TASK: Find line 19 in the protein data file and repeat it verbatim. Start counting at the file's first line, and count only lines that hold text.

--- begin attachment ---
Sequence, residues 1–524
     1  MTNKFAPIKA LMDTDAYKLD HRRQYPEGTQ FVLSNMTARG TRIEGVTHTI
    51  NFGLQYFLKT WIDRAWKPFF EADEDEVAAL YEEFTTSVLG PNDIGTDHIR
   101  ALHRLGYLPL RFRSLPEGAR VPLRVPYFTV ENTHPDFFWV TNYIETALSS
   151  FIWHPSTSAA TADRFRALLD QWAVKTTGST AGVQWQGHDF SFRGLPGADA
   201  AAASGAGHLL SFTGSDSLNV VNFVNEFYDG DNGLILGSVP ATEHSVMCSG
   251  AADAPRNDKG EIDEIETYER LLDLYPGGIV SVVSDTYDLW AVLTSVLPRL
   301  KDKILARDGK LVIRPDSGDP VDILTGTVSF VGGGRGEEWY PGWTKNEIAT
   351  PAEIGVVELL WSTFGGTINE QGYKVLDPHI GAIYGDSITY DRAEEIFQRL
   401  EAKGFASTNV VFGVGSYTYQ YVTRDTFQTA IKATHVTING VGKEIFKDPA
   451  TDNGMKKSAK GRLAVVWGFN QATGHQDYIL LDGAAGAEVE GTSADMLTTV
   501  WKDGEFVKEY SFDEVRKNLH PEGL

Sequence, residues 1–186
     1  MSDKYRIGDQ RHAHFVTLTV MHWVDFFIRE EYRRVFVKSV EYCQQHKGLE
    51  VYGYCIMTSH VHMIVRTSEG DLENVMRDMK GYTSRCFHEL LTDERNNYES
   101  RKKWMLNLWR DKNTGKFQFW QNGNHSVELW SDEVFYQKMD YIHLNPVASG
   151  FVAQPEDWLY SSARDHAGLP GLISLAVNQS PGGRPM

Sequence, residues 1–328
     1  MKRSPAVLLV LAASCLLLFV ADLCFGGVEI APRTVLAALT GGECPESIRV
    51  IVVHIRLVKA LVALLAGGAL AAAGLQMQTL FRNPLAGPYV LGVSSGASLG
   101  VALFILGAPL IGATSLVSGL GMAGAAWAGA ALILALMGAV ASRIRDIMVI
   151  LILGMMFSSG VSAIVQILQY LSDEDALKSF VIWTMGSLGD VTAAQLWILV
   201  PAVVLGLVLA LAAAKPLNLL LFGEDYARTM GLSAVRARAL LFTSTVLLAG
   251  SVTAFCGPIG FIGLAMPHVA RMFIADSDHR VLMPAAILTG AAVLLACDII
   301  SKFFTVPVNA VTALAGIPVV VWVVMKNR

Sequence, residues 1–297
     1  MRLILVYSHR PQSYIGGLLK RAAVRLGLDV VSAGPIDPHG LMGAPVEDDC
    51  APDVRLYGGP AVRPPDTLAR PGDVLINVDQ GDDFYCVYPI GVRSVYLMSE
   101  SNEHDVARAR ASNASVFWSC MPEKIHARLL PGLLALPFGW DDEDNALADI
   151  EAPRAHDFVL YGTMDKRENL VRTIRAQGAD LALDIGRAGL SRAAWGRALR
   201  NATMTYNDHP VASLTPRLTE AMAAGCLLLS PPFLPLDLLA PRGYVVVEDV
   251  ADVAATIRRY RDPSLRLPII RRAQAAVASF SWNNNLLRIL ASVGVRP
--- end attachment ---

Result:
     1  MKRSPAVLLV LAASCLLLFV ADLCFGGVEI APRTVLAALT GGECPESIRV